Posted in music | pictures on June 19, 2011

photos by Amanda Hatfield, words by Rachel Kowal

Beirut

Thirty minutes before showtime, the forecast wasn't looking good. What started as a small shower soon escalated into a near downpour, sending a patchwork of different colored umbrellas springing up at McCarren Park Friday night.

Then it happened: the event that nearly broke Twitter. It began with a low rumble that quickly rippled through the crowd. Then, "OH MY GOD! DOUBLE RAINBOW!" Within seconds, every smartphone was tracked on the sky, and cries of jubilation and cheap sarcasm rang out. If you think Sharon Van Etten is a tough act to follow, try a double rainbow. But Yellow Ostrich was up for trying.

Soon after the buzz died down, the newly signed Barsuk trio took the stage. Somehow despite all the weather-related chaos that had transpired over the past 30 minutes subsided just in time for the show. A Northside miracle.

Recorded, Yellow Ostrich is a fine-tuned, feel-good indie machine, but in a live setting, front man Alex Schaaf and company aren't afraid to let down their hair a bit. Sure, you still get the carefully looped harmonies - a delight to hear in the excellent "Whale" - but the music also takes on a more desperate and raucous tone, especially on new songs like "The Shake Down."

Sharon Van Etten

As I watched the stage transform for Sharon Van Etten's set, my excitement grew - especially when I spied Aaron Dessner of The National fiddling around with wires. "Hello, everybody. Thanks for bearing the rain," Van Etten said by way of introduction. She began her set with "Peace Signs."

With her honest lyrics and down-to-earth demeanor, and soul-soothing voice, Sharon Van Etten makes quick work of winning over the crowd. (I mean the woman dedicated a song to her dad in honor of Father's Day. How nice, right?)

As an added bonus, the last three songs of her set featured two additional musicians - Ben Lanz (on trombone) and Aaron Dessner (guitar) who is apparently producing Van Etten's next record.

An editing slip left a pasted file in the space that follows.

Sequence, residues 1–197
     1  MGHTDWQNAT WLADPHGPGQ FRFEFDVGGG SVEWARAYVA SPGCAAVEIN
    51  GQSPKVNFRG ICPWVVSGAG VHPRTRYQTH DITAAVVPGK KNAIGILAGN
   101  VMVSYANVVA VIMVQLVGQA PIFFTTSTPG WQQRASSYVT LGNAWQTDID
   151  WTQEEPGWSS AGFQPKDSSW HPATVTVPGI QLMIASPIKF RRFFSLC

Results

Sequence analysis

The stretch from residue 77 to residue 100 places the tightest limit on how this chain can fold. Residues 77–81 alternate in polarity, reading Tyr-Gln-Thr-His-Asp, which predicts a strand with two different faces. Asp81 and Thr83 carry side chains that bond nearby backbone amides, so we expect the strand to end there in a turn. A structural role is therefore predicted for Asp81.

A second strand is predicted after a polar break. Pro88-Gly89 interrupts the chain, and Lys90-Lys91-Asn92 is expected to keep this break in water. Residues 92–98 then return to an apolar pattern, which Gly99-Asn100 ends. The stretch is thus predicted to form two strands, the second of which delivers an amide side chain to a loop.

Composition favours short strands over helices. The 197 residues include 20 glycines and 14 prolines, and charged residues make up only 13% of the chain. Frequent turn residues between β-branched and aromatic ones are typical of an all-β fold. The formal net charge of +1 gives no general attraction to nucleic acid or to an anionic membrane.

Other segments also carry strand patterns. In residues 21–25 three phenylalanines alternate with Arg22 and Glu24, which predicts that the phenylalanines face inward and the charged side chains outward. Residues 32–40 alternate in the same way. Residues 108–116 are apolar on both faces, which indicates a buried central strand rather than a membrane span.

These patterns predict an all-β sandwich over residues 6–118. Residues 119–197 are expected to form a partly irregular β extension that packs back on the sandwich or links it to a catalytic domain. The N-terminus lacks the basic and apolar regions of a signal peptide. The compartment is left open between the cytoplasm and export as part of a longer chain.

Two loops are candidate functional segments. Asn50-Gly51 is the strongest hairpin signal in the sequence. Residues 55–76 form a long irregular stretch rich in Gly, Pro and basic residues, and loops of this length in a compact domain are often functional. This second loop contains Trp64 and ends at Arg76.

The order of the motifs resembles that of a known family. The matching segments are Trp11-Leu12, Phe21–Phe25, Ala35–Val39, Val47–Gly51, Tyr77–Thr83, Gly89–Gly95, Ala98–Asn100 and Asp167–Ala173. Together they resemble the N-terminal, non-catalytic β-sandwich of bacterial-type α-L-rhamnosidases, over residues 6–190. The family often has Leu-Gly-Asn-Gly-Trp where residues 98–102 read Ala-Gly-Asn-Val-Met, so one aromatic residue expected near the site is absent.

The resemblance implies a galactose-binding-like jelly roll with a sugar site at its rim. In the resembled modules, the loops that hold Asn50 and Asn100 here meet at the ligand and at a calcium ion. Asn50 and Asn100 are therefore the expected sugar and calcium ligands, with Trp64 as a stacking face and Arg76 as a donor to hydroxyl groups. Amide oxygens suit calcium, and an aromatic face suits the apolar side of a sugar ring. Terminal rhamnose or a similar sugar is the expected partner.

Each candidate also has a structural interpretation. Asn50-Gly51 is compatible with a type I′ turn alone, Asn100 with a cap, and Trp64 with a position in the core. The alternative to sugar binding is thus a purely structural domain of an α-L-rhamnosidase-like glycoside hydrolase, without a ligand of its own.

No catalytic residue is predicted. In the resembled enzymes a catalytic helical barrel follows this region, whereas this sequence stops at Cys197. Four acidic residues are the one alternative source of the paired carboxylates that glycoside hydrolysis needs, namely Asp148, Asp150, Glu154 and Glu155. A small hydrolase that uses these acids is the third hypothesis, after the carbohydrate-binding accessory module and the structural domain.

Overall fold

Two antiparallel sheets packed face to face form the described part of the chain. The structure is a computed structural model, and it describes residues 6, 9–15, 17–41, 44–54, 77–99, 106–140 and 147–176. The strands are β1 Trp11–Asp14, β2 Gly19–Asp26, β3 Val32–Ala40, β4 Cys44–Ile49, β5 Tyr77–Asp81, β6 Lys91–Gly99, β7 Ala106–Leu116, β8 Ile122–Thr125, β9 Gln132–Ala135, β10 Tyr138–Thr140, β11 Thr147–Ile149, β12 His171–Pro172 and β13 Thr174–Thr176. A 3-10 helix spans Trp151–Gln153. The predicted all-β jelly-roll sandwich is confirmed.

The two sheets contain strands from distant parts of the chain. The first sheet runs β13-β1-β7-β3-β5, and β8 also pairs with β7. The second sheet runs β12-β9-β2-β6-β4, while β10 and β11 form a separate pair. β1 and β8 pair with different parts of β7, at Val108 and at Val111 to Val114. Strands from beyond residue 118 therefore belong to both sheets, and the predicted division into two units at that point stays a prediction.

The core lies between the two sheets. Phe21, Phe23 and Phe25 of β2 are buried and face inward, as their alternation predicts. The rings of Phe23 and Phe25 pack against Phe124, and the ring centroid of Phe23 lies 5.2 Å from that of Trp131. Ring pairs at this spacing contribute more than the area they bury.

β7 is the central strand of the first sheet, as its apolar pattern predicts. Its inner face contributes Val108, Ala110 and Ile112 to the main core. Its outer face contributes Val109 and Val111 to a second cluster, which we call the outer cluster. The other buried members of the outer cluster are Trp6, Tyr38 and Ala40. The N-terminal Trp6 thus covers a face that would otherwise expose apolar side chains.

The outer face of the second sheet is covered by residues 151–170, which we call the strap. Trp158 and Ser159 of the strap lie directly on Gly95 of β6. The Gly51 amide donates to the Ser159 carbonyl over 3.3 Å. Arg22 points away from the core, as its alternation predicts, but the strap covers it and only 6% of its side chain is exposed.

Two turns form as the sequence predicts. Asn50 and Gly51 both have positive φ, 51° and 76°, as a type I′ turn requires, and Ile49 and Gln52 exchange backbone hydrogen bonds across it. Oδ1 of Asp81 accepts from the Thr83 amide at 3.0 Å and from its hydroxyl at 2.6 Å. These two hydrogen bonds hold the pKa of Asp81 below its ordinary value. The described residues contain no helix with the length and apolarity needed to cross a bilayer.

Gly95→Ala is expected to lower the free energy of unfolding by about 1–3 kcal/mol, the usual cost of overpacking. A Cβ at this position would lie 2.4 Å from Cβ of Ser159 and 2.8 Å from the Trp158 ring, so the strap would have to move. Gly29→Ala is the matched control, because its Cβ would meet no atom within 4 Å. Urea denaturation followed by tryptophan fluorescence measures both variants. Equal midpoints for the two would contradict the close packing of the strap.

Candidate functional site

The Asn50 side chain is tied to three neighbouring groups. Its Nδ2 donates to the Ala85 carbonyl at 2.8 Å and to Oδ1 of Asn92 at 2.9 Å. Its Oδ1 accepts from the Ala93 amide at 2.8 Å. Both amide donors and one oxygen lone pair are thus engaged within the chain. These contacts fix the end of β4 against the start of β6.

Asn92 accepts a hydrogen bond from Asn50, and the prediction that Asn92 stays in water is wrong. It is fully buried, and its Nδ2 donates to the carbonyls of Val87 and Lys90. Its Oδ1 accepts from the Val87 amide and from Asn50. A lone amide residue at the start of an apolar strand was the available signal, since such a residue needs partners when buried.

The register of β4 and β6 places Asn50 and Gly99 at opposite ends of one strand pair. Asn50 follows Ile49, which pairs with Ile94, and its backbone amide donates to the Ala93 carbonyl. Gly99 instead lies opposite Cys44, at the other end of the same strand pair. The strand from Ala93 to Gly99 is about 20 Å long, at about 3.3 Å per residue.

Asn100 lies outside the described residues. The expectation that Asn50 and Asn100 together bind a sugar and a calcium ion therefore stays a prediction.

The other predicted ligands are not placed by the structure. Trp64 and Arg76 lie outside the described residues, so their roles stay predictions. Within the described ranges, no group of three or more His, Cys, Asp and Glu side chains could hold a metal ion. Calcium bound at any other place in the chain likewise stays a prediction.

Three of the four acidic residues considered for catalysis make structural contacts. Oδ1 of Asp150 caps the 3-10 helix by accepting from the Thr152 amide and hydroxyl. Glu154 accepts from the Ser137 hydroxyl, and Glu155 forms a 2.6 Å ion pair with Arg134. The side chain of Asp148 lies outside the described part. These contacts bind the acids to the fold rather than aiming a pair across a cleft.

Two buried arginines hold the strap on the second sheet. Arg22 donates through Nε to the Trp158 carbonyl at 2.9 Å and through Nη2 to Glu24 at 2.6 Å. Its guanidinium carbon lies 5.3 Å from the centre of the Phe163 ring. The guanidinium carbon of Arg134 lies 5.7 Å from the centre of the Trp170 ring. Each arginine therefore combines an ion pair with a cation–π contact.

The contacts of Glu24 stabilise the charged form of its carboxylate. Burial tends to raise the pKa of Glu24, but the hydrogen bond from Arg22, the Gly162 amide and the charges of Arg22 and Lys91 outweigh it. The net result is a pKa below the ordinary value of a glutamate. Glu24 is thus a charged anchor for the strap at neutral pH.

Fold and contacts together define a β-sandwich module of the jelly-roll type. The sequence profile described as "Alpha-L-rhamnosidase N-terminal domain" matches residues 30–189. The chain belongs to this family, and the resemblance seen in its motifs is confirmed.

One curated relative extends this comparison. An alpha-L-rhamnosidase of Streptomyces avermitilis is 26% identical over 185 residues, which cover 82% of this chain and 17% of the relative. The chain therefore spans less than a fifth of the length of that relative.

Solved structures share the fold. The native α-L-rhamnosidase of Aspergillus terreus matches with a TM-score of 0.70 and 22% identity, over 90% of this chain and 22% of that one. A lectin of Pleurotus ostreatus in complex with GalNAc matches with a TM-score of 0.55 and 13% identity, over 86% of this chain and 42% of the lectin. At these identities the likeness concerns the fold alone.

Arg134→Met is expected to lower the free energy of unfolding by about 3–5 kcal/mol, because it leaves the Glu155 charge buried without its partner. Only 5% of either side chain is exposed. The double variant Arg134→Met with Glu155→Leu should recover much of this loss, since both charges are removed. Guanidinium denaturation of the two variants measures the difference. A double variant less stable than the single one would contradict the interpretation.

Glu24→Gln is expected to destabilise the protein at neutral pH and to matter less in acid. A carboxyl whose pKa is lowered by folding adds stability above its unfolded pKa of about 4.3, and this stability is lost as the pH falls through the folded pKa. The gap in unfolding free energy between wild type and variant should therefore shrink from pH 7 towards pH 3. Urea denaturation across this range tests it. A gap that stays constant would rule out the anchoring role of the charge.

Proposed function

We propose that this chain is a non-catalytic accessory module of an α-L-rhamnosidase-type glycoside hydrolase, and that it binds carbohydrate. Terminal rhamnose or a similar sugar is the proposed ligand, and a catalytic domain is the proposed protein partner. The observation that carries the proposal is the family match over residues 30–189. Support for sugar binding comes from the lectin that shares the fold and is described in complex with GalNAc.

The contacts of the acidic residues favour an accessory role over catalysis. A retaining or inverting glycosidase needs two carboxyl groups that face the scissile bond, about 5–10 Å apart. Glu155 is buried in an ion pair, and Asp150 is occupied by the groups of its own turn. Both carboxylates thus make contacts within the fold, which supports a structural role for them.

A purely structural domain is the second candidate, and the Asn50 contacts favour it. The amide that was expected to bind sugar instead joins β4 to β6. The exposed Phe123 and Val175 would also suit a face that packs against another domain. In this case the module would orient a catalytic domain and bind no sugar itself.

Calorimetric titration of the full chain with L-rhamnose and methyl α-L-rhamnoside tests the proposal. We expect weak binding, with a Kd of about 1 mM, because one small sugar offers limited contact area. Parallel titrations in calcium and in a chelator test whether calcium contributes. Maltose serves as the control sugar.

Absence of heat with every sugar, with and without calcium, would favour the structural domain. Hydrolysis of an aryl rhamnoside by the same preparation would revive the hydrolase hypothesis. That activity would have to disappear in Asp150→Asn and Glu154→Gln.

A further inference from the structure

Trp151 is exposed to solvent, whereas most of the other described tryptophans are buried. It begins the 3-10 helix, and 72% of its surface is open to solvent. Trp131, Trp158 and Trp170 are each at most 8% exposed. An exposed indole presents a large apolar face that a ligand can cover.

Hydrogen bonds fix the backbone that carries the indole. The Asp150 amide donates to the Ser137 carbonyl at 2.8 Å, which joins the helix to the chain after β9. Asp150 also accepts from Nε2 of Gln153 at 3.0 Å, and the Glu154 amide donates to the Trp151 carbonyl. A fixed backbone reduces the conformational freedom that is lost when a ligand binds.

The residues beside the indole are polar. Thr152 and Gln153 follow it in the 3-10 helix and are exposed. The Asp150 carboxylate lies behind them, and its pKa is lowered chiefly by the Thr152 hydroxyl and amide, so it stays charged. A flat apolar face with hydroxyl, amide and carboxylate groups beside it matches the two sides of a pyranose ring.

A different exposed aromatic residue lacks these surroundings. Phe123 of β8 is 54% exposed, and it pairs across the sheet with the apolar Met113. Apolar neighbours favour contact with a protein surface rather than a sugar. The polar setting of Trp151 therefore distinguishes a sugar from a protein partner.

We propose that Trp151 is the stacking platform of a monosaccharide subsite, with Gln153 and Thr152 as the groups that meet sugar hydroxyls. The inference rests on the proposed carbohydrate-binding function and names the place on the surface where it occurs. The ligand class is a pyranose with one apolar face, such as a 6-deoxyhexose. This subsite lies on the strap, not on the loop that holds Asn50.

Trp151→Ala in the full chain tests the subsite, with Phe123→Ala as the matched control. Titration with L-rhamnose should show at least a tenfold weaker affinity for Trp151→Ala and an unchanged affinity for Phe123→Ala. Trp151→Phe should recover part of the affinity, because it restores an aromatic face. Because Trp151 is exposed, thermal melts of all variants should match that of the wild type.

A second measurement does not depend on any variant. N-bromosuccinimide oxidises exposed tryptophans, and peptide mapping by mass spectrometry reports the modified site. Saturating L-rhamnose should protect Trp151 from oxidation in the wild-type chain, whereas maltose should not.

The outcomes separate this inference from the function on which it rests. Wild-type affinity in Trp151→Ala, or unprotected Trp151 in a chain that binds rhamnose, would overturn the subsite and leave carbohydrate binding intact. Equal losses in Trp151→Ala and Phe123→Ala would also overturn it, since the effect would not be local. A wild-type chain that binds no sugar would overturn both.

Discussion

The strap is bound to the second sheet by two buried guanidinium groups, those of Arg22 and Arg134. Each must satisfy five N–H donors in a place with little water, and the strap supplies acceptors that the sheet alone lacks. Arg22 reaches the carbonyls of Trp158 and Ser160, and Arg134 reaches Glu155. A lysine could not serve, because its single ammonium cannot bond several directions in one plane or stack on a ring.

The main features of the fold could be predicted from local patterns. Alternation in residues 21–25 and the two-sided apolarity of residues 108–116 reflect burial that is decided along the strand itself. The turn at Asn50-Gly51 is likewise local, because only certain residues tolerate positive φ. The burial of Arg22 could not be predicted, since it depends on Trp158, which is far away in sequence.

Then, after a brief interlude from our sponsor, Zach Condon and company emerged to a round of applause that almost seemed more fitting for a Justin Bieber show than for Beirut.

Though Condon composed much of his newer music with a 17-piece mariachi band in mind, the six people on stage impressively flushed out the sound by constantly rotating through an assortment of instruments, including: French horn, tuba, drums, trombone, trumpet, accordion, and piano. But it was the ukulele - the crux to much of his earlier catalog - that seemed to garner the most applause.

After two short sets, it was nice to see Beirut take their time on stage. The band enthusiastically played through their set - no doubt inspired not only by the dedication of the rain-braving crowd but also by the stunning scenery in the distance. "It's nice to be playing for the Chrysler and the Empire State Building," Condon remarked. Of course with such a healthy play time (19 songs, by my count), they covered both the standards ("Postcards From Italy," "Elephant Gun," "Nantes," "Scenic World," and "Mount Wroclai" to name a few) and a handful of newer songs.

Though I was tempted to stay longer, if there was an encore, I didn't see it. After missing out on Seapony twice last week, I dashed out of the park and over to Pianos, where I made it in time to hear the last five songs from the delightful Seattle group. For the record, it was totally worth it.

More pictures from the Beirut show below...

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Yellow Ostrich

Yellow Ostrich

Yellow Ostrich

Double Rainbow photo (via yfrog)
Double Rainbow

Yellow Ostrich

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Sharon Van Etten

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Beirut

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Comments (31)

Not much of a crowd?

Posted by Anonymous | June 19, 2011 2:18 PM

Not many crowd shots post-rain. I'd call it 5,000 probably.

Posted by Anonymous | June 19, 2011 2:50 PM

"I'd call it 5,000 probably."

Oh you are such a liar. That is about as much of an exaggeration as this statement in the review:

"Then it happened: the event that nearly broke Twitter"

Idiots the lot of you.

Posted by Anonymous | June 19, 2011 3:06 PM

It was really a great show. I could barely walk home after standing for so many hours (so instead I walked over to the Lucky Dragons show at Shea ) but it was great. Sharon Van Etten has a wonderful voice. I liked Yellow Ostrich, they reminded me of Born Ruffians a whole lot. Nice suprise to see Michael Tapper playing drums for them. I was stoked for Beirut but I realized I just don't listen to his stuff as much as I used to so it wasn't as magical as the first time I saw him but it was still really fantastic.

Posted by Mandy | June 19, 2011 3:12 PM